1718 – Søren Abildgaard, Norwegian writer, illustrator, artist, draftsman, geologist, and naturalist who traveled throughout Denmark to create drawings of its tombstones, runes, and other historic monuments; he was also an illustrator and painter on historian Jacob Langebek’s tour to Sweden and the Baltic provinces, and is remembered for his studies of topographical and geological conditions and phenomena.
1855 – Jean Jules Jusserand, Pulitzer Prize-winning French scholar of history and Medieval English literature, author, and Ambassador to the U.S. during World War I; Rock Creek Park in Washington, D.C., features a memorial to him.
1883 – Nikos Kazantzakis, Greek writer and philosopher, best known for his novel Zorba the Greek.
1909 – Dido Sotiriou, Turkish-born Greek novelist, journalist, and playwright; her bestselling novel, Bloody Earth, or Farewell Anatolia, deals with the trauma of the Greek-Turkish population exchange and the expulsion of Greeks from Asia Minor.
1909 – Wallace Stegner, Pulitzer Prize-winning and National Book Award-winning American novelist and short-story writer; also known as a historian and environmentalist.
1922 – Helen Gurley Brown, American author, publisher, and businesswoman who was editor-in-chief of Cosmopolitan magazine for 32 years.
1924 – Chin Shunshin (also known as Chen Shunchen), Taiwanese-Japanese novelist, translator, and cultural critic who is best known for historical fiction and mystery novels.
1925 – Jack Gilbert, award-winning American poet whose work is known for its simple lyricism and straightforward clarity of tone, as well as a resonating control over his emotions; many of his poems are about his relationships with women.
1925 – Krishna Sobti (Hindi: कृष्णा सोबती), Hindi fiction writer and essayist, best known for her 1966 novel Mitro Marajani, an unapologetic portrayal of a married woman’s sexuality.
1926 – A.R. Ammons, National Book Award-winning American poet; much of his work was inspired by his childhood on a North Carolina cotton and tobacco farm during the Great Depression.
1928 – Eeva Karin Kilpi (née Salo), Russian-born Finnish writer, poet, and feminist.
1929 – Len Deighton, British novelist, military historian, graphic artist, and food writer who is best known for his spy novels.
1931 – Toni Morrison, Pulitzer and Nobel Prize-winning American novelist, essayist, editor, and educator who is one of the most acclaimed writers of her time; her novels are known for epic themes, exquisite language, and richly detailed African-American characters.
1933 – Yoko Ono, Japanese artist, author, musician, film director, performance artist, and peace activist who is best known for her marriage to Beatle John Lennon.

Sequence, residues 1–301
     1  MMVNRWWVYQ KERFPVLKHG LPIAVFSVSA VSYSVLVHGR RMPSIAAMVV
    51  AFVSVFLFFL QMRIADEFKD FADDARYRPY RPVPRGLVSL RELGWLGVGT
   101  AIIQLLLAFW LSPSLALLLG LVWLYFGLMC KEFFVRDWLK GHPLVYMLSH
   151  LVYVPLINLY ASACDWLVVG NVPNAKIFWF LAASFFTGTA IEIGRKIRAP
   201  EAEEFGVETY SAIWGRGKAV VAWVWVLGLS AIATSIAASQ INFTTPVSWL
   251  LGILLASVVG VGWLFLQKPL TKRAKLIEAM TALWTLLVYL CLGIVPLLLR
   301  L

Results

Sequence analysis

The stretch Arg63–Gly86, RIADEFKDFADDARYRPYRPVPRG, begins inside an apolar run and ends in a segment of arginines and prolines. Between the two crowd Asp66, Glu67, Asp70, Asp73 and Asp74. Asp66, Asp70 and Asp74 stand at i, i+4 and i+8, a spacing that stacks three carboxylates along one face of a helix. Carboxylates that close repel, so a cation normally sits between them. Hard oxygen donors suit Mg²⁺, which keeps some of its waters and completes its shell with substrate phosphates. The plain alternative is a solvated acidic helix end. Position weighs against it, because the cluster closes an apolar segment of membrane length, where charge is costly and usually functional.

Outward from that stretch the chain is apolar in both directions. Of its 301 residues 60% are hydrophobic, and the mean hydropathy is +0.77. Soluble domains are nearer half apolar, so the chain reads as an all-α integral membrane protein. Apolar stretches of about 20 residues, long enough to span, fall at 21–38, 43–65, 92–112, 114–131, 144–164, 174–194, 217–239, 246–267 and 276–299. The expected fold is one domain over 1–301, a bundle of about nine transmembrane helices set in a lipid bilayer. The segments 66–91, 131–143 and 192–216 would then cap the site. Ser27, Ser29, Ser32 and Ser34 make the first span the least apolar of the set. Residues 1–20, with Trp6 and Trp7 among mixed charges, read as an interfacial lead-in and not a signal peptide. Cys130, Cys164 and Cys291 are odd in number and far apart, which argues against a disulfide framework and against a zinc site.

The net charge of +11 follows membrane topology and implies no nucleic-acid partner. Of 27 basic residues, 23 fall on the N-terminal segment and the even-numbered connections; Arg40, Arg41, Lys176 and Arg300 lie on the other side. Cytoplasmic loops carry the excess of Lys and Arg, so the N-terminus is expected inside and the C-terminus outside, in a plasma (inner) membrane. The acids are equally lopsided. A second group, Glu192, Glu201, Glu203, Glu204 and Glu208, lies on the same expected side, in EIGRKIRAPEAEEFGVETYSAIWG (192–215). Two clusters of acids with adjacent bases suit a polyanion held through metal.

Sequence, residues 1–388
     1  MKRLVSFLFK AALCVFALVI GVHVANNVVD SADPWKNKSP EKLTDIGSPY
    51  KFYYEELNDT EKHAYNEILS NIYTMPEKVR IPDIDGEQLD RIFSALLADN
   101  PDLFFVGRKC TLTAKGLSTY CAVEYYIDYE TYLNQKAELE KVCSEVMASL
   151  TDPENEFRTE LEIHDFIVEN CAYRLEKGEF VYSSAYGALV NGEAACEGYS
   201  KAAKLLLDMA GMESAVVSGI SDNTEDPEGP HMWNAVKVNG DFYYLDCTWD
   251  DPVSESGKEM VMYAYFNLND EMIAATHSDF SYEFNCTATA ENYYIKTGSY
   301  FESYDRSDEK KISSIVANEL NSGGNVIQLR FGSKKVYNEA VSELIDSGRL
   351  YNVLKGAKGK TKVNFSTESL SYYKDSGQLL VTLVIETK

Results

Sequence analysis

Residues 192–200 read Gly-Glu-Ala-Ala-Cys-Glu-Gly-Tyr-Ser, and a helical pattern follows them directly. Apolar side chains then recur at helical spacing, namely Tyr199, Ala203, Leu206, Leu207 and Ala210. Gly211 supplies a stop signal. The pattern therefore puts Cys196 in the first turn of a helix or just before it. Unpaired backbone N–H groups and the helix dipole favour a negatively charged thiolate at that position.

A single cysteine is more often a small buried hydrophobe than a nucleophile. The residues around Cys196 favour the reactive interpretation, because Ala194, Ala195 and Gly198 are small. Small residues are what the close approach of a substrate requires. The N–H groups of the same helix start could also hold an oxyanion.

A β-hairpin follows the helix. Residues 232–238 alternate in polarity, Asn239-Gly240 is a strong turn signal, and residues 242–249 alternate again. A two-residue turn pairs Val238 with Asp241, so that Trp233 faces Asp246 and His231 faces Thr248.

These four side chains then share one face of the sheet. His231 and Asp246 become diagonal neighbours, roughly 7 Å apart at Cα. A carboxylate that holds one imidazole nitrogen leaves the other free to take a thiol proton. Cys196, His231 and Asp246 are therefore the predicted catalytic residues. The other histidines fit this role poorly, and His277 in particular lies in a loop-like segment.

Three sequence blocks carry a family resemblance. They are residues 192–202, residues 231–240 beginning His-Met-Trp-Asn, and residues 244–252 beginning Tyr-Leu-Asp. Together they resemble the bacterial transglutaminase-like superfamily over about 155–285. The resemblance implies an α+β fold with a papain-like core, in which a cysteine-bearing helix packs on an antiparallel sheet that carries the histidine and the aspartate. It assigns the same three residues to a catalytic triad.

1934 – Audre Lorde, Caribbean-American writer, poet, librarian, and activist.
1935 – Janette Oke, Canadian author of inspirational and Christian historical fiction, usually set in the pioneer era.
1936 – Jeanne Auel, bestselling Finnish-American author known for her Earth’s Children series of books, a series of novels set in prehistoric Europe that explores early humans, especially interactions of Cro-Magnon people with Neanderthals.
1939 – Claude Ake, Nigerian author, political scientist, and professor who was considered one of Africa’s foremost political philosophers; he specialized in political economy, political theory, and development studies and is known for his research on development and democracy in Africa.
1950 – Bebe Moore Campbell, American journalist, teacher, and bestselling author of fiction, nonfiction, and children’s literature.
1950 – John Wilden Hughes, Jr., American film director, producer, and screenwriter who wrote or directed some of the most successful films of the 1980s and 1990s, including National Lampoon’s Vacation, Ferris Bueller’s Day Off, The Breakfast Club, and Sixteen Candles.
1952 – Mara Zalite, award-winning Latvian writer, composer, and cultural worker; her literary works include novels, poetry, essays, plays, drama, prose, and librettos, and often deal with historical problems and have symbolic meanings that correspond with Latvian mythology and culture.
1955 – Lisa See, bestselling American writer and novelist whose work is often inspired by her Chinese-American background.
1957 – George Pelecanos, American author of detective fiction, mostly set in Washington, D.C.; he is also a television writer and producer.
1961 – Douglas Rushkoff, American media theorist, writer, and graphic novelist, known for his connection with early cyberpunk culture.
1964 – María del Carmen Aristegui Flores, Mexican journalist and anchorwoman who is widely regarded as one of Mexico’s leading journalists and opinion leaders; she is best known for her critical investigations of the Mexican government.
1976 – Bernadette Sembrano (full name Bernadette Lorraine Palisada Dominguez Sembrano Aguinaldo), Filipina reporter, newscaster, and television host.